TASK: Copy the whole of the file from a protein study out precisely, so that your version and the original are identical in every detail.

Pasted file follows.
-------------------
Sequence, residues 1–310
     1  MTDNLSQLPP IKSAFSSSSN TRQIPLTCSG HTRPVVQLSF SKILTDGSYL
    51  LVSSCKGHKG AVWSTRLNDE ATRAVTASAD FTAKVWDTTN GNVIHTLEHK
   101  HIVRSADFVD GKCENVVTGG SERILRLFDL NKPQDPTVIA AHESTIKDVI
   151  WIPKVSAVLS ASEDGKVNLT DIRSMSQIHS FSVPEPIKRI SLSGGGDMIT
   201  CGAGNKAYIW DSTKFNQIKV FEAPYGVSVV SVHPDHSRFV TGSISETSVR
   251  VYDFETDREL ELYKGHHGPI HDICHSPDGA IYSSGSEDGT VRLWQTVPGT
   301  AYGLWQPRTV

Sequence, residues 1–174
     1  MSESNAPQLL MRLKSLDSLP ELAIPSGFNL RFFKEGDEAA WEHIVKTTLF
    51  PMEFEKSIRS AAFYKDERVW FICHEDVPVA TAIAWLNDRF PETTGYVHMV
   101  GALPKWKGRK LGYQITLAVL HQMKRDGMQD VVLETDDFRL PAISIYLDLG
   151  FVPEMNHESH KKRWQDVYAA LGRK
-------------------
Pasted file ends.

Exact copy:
Sequence, residues 1–310
     1  MTDNLSQLPP IKSAFSSSSN TRQIPLTCSG HTRPVVQLSF SKILTDGSYL
    51  LVSSCKGHKG AVWSTRLNDE ATRAVTASAD FTAKVWDTTN GNVIHTLEHK
   101  HIVRSADFVD GKCENVVTGG SERILRLFDL NKPQDPTVIA AHESTIKDVI
   151  WIPKVSAVLS ASEDGKVNLT DIRSMSQIHS FSVPEPIKRI SLSGGGDMIT
   201  CGAGNKAYIW DSTKFNQIKV FEAPYGVSVV SVHPDHSRFV TGSISETSVR
   251  VYDFETDREL ELYKGHHGPI HDICHSPDGA IYSSGSEDGT VRLWQTVPGT
   301  AYGLWQPRTV

Sequence, residues 1–174
     1  MSESNAPQLL MRLKSLDSLP ELAIPSGFNL RFFKEGDEAA WEHIVKTTLF
    51  PMEFEKSIRS AAFYKDERVW FICHEDVPVA TAIAWLNDRF PETTGYVHMV
   101  GALPKWKGRK LGYQITLAVL HQMKRDGMQD VVLETDDFRL PAISIYLDLG
   151  FVPEMNHESH KKRWQDVYAA LGRK